National Park Service, Interior.
Notice is hereby given under the Native American Graves Protection and Repatriation Act, 43 CFR 10.10 (a)(3), of the intent to repatriate a cultural item in the possession of the Hood Museum of Art, Dartmouth College, Hanover, NH, that meets the definition of “unassociated funerary object” under Section 2 of the Act.
This notice is published as part of the National Park Service’s administrative responsibilities under NAGPRA, 43 CFR 10.2 (c). The determinations within this notice are the sole responsibility of the museum, institution, or Federal agency that has control of this cultural item. The National Park Service is not responsible for the determinations within this notice.Start Printed Page 55423
The cultural item is a ball-headed, wooden “war club” (Catalog number 37.5.5370) with a carved diamond pattern and red and green paint on the handle.
In 1937, this war club was donated to the Dartmouth College Museum, now the Hood Museum of Art, by Charles Bethune.
The exact circumstances of the war club’s collection are not known. Donor information states that this war club was collected from a grave in an unknown location. Donor information also identifies this war club as “Seneca”. The Hood Museum of Art is not in possession or control of any human remains from this burial. Officials of the Seneca Nation of New York and the Tonawanda Band of Seneca Indians of New York have indicated that this club is stylistically consistent with other known Seneca war clubs, and that the placement of funerary objects with an individual’s remains was a common Seneca practice during the historic era. As a highly prized, personal object of power, a war club would have been a type of object traditionally placed with its deceased owner. Representatives of the Seneca-Cayuga Tribe of Oklahoma were consulted and agreed that the object should be repatriated to the Seneca Nation of New York and the Tonawanda Band of Seneca Indians of New York.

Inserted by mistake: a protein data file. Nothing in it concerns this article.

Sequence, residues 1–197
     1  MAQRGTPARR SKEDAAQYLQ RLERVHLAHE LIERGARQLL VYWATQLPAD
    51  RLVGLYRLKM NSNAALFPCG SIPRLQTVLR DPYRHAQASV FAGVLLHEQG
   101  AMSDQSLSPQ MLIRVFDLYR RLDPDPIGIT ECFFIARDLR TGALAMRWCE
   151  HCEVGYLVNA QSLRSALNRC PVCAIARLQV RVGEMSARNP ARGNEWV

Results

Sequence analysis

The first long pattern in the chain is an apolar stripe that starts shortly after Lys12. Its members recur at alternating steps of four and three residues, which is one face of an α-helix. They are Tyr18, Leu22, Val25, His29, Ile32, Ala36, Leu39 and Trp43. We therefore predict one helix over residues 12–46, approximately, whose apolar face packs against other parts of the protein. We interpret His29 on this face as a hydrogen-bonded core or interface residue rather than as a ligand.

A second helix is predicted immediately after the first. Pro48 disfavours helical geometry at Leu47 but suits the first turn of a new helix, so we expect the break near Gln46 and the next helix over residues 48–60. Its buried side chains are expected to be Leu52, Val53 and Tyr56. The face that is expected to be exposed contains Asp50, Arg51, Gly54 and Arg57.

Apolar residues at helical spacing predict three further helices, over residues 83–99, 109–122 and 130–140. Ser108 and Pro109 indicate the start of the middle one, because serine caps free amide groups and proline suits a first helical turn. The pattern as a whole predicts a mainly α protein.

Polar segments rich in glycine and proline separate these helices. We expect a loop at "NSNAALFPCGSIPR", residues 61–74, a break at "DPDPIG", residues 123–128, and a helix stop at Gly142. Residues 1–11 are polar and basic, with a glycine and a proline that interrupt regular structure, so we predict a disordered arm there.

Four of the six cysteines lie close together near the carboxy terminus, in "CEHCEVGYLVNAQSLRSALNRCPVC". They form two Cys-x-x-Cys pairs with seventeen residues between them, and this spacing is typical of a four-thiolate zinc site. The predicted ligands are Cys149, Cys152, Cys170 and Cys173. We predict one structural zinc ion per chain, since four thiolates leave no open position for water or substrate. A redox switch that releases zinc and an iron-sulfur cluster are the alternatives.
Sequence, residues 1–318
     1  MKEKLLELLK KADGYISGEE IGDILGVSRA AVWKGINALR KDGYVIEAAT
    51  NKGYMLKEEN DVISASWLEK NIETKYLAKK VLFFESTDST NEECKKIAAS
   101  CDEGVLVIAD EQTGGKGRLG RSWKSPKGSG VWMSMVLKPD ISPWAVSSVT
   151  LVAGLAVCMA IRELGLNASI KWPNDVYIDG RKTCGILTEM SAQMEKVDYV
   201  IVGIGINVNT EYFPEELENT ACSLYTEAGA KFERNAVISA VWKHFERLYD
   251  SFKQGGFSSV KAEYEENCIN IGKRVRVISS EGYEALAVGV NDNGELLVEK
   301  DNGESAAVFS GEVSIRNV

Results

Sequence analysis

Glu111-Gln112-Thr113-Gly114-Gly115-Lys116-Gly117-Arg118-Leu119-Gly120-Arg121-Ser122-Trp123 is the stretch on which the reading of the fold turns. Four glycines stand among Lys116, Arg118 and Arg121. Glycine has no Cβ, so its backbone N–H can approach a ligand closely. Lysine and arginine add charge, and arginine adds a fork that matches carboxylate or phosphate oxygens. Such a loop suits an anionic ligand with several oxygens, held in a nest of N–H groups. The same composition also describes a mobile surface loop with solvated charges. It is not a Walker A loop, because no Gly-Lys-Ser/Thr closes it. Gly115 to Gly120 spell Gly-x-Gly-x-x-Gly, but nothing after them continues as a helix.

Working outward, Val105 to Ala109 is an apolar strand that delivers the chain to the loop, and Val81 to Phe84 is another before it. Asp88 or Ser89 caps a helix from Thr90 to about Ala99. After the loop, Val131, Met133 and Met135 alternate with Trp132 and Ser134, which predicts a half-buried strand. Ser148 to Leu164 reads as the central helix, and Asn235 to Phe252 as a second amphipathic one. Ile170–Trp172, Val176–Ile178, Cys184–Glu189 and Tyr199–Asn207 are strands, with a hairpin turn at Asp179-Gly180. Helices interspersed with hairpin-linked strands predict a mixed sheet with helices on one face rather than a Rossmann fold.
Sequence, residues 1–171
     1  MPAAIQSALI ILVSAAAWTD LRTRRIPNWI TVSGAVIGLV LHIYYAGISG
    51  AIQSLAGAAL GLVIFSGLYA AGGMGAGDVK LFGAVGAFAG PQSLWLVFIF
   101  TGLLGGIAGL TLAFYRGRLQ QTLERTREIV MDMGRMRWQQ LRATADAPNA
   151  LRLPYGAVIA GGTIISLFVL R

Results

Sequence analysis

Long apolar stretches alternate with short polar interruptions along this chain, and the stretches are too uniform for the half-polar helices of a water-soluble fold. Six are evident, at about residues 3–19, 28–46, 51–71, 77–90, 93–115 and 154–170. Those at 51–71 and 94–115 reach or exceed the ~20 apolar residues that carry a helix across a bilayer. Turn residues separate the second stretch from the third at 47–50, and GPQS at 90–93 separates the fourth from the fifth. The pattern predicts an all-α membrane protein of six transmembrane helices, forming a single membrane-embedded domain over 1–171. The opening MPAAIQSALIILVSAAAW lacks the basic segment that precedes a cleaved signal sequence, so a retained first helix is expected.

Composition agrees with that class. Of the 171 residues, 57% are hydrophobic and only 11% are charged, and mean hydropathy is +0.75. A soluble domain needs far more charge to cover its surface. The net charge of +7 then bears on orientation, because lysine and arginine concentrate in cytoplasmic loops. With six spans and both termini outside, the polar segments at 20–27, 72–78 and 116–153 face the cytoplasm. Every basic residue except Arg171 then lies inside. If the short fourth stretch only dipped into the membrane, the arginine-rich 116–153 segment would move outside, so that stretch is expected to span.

Based on the above-mentioned information, officials of the Hood Museum of Art have determined that, pursuant to 43 CFR 10.2 (d)(2)(ii), this cultural item is reasonably believed to have been placed with or near individual human remains at the time of death or later as part of the death rite or ceremony and is believed, by a preponderance of the evidence, to have been removed from a specific burial site of an Native American individual. Officials of the Hood Museum of Art also have determined that, pursuant to 43 CFR 10.2 (e), there is a relationship of shared group identity that can be reasonably traced between this unassociated funerary object and the Seneca Nation of New York and the Tonawanda Band of Seneca Indians of New York.
This notice has been sent to officials of the Cayuga Nation of New York, Oneida Nation of New York, Oneida Tribe of Indians of Wisconsin, Onondaga Nation of New York, St. Regis Band of Mohawk Indians of New York, Seneca Nation of New York, Seneca-Cayuga Tribe of Oklahoma, Tonawanda Band of Seneca Indians of New York, and Tuscarora Nation of New York. Representatives of any other Indian tribe that believes itself to be culturally affiliated with this unassociated funerary object should contact Kellen G. Haak, Collections Manager/Registrar and Repatriation Coordinator, Hood Museum of Art, Dartmouth College, Hanover, NH 03755, telephone (603) 646-3109, before September 30, 2002. Repatriation of this unassociated funerary object to the Seneca Nation of New York and the Tonawanda Band of Seneca Indians of New York may begin after that date if no additional claimants come forward.Start Signature
Dated: July 22, 2002.
Manager, National NAGPRA Program.
[FR Doc. 02-21993 Filed 8-28-02; 8:45 am]
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